Puff (as in particulates) and stuff (as in melting icesheets) and burying CO-2


Los Angeles’ cancer alley – an un-love story of vulnerable lungs, put-upon people and a globalized transhipment mecca that coughs out our biggest air pollution threat. There’s a new environmental justice army (well, sort of new) tackling the issue.  From today’s fine L.A. Times story:

” … Eight years ago, he ran into an old friend at a sweatshop protest in a Glendale mall: Gilbert Estrada was working on a master’s thesis on highway building through East L.A.’s Mexican neighborhoods. They traded tales of aching chests from air pollution, of chemical spills that sparked evacuations in elementary school, and of playing around 55-gallon drums marked with skulls and crossbones …”

And in case you thought smog was now our the green version of a red-headed stepchild, check out this story about the Obama White House and EPA reviewing an important ozone standard.  MSNBC reports.

Is it really possible to keep greenhouse gases from even hitting the air? A New York Times story looks at one model.

“Poking out of the ground near the smokestacks of the Mountaineer power plant here are two wells that look much like those that draw natural gas to the surface. But these are about to do something new: inject a power plant’s carbon dioxide into the earth …”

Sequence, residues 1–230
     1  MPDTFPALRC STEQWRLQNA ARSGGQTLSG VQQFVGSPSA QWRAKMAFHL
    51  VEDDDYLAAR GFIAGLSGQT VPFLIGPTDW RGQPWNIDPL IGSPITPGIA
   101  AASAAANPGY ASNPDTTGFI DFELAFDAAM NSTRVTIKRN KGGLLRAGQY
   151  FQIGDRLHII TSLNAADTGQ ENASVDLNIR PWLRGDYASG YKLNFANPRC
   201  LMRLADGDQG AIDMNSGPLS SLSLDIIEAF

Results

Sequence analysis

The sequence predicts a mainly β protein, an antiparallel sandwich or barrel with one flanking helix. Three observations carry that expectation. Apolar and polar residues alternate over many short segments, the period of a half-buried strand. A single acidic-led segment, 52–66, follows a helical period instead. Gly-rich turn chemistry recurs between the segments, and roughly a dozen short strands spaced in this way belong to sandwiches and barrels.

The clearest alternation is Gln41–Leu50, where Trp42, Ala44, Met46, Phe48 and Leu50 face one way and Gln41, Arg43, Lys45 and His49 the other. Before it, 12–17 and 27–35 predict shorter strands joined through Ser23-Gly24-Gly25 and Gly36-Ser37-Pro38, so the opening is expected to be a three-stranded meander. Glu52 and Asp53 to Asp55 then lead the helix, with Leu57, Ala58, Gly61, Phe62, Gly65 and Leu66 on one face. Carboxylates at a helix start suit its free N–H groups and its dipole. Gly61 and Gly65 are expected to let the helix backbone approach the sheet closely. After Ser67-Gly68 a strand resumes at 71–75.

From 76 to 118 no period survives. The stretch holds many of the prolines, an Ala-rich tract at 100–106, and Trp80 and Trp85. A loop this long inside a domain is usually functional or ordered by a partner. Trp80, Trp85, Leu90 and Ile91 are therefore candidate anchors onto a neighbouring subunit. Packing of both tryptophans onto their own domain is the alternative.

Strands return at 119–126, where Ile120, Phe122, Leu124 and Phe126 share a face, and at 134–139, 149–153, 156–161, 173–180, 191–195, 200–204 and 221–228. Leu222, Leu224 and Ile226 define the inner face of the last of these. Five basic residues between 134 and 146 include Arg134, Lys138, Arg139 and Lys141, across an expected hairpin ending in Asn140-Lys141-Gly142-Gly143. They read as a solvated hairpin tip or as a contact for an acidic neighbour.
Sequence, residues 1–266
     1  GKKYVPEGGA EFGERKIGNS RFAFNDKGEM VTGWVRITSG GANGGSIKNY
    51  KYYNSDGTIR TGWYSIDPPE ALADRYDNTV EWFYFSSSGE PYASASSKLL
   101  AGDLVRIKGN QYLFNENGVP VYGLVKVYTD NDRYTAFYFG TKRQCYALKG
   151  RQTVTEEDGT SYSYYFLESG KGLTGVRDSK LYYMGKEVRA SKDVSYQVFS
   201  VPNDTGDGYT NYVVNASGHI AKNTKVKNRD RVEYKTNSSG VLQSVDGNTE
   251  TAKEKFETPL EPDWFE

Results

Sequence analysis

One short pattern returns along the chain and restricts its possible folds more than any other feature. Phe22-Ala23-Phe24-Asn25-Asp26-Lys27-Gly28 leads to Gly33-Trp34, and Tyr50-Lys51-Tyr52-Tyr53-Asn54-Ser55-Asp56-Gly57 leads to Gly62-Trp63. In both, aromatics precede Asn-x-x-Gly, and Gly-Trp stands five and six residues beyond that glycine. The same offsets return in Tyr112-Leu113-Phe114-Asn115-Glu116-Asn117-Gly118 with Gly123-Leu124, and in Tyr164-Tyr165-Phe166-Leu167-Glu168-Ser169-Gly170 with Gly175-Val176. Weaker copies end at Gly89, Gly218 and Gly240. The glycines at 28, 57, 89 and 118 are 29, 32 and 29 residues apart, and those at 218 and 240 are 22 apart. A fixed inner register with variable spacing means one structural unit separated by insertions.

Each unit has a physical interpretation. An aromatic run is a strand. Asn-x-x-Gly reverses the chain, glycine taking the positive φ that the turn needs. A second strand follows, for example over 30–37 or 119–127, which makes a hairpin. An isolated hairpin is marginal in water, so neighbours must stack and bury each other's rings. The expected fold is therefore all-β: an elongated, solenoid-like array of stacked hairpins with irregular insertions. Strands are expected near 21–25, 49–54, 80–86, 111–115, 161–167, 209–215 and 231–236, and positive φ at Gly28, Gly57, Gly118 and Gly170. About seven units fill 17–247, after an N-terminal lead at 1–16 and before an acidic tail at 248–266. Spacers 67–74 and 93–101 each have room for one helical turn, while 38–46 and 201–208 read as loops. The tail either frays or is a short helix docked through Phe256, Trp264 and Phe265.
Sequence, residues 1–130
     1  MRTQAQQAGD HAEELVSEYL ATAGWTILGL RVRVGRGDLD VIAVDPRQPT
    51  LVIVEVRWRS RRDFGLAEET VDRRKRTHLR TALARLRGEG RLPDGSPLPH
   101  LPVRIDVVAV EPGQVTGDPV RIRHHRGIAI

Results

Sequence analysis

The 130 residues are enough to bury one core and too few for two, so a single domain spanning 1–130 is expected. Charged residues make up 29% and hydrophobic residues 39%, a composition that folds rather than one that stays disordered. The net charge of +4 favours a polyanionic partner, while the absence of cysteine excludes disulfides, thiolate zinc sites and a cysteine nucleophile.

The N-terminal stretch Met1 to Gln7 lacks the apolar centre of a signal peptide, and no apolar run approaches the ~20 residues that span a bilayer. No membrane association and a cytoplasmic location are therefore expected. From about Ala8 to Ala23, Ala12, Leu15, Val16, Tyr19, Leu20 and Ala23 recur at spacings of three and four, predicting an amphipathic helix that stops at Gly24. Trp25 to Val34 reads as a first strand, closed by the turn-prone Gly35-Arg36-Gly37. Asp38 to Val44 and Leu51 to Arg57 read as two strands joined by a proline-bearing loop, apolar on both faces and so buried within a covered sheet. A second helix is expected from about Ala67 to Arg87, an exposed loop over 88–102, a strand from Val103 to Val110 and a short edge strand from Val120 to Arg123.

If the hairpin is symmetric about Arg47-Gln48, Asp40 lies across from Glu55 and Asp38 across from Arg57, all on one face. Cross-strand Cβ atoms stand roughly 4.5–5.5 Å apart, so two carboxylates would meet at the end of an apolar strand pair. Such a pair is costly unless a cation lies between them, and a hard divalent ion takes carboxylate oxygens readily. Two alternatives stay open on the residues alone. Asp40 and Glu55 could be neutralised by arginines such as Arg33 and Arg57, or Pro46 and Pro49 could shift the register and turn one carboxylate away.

Plus, a GW call for world unity. How’s that working out? Link (from N.Y. Times) Could be the issue of our time.


Green propoganda, corporate-style, from Newsweek:

“… Hotels are not the only offenders in this kind of petty green fakery. Environmentalism is “in” at the moment, and corporations feel great pressure to prove their credentials. But it’s not easy being green. Some companies, like those at the top of NEWSWEEK’s 2009 Green Rankings, have embraced conservation for real. They build headquarters with solar panels and rainwater collection systems; they think of the environmental impact of every aspect of their businesses and actually change the way they do things to reduce waste. But this is labor intensive, often expensive, and takes commitment. Faced with that, many corporations take a different approach: They don’t do much of anything to change the way they do business, but make a big show of their dedication to Mother Earth …”

The mob gets in on the pollution racket. Like duh. From MSNBC.

” … Giordano said the former mobster, Francesco Fonti, from the Calabria-based ‘ndrangheta crime syndicate, has claimed the mob sank “hundreds” of barrels of illegally disposed of waste …”

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